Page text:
Tuan Said Aloewie was the first official Imam of the Cape Muslim community. He arrived at the Cape in 1744 together with Hadjie Matarim. They were listed as “Mohammedaansche Priesters” on the Bandieten Rolle (Convicts Register) and banished to the Cape to be kept in chains for the rest of their lives. They were incarcerated on Robben Island where Hadjie Matarim died. There is a tomb for Hadjie Matarim erected on the island.
On the death of Hadjie Matarim and having served eleven years of imprisonment on the island, Tuan Said Aloewie was released. Said Aloewie was originally a citizen of Mocca in Yemen, the southern portion of the Arabian Peninsula. The Dutch had a trading post at Mocca and it is uncertain whether the Said was brought to the Cape directly from Mocca or if he was a missionary from Yemen to Indonesia and there in Indonesia fell foul of the Dutch East India Company’s laws.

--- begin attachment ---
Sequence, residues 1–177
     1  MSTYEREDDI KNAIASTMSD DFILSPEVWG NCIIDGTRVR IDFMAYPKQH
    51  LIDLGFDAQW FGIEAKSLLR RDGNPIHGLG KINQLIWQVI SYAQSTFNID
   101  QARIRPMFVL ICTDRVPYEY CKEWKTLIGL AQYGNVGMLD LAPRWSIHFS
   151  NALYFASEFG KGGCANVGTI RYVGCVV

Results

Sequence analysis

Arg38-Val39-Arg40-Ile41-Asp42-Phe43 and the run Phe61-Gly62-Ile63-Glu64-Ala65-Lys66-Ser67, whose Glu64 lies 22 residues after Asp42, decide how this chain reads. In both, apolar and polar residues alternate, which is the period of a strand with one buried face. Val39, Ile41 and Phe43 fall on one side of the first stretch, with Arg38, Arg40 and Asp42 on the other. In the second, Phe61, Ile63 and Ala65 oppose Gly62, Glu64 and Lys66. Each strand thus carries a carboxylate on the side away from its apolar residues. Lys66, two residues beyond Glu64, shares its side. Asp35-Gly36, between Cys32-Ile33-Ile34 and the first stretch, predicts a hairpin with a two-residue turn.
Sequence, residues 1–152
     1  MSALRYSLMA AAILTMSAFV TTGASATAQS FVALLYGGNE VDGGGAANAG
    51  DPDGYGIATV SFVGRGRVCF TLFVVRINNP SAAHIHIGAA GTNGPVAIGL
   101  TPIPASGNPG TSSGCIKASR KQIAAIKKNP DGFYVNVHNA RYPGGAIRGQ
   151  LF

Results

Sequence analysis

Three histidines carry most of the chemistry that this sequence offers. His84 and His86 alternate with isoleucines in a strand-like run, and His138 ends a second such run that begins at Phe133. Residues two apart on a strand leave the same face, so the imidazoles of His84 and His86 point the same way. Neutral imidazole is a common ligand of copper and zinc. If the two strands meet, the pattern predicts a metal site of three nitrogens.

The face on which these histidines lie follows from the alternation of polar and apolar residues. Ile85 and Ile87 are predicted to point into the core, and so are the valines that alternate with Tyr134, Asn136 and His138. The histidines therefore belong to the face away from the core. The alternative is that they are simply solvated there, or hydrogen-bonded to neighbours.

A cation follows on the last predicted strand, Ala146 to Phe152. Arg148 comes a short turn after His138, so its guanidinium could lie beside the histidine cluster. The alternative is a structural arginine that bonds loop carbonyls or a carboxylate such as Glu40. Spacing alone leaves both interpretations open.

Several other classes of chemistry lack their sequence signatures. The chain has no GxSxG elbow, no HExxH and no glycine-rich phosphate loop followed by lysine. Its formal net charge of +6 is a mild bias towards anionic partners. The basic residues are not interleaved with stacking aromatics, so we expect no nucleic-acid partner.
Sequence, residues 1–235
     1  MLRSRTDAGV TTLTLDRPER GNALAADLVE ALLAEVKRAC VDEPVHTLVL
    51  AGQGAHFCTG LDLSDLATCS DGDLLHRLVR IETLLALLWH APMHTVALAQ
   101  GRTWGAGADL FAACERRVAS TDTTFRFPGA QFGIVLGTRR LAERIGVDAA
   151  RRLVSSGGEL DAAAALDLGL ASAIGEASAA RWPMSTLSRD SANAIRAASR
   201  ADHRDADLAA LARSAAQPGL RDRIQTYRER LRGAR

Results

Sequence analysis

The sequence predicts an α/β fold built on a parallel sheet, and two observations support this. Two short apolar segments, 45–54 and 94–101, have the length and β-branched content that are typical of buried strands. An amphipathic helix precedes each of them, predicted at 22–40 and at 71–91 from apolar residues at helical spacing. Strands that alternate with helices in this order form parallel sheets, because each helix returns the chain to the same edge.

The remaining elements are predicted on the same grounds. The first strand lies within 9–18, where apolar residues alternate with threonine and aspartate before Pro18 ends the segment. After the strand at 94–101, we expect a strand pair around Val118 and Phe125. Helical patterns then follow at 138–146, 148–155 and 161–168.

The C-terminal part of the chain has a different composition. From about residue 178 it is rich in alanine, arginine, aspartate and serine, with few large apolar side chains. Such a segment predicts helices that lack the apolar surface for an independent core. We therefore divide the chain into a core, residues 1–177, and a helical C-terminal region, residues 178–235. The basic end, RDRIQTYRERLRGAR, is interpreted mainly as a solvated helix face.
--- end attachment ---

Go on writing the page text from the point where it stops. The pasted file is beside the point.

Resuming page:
On his release, Tuan Said Aloewie elected to stay on at the Cape. He had a burning desire to propagate Islam amongst the slave and free black population. This was indeed a dangerous consideration at the time because the Cape was still governed by the Statutes of India one of which stated that “within the town of Batavia, no other religion besides the reformed Protestant Church should be exercised and anyone violating such law, be it Christian, heathen or Moor (Muslim), shall forfeit all his property, be put in irons, be banished out of the country, be punished corporally or with death, according to the circumstances of the case”.
But the severity of the laws did not bother Said Aloewie one iota. He was determined to teach Islam. To facilitate his ambitions, he became a policeman. This strategic decision soon bore fruit when he was given the keys to the Slave Lodge and thus had easy access to the slaves.
It is related that the Said was endowed with miraculous powers and many legends are woven around his life. He was an unique individual, a God-fearing man, a real nation builder. The kind of man “who works while others sleep”.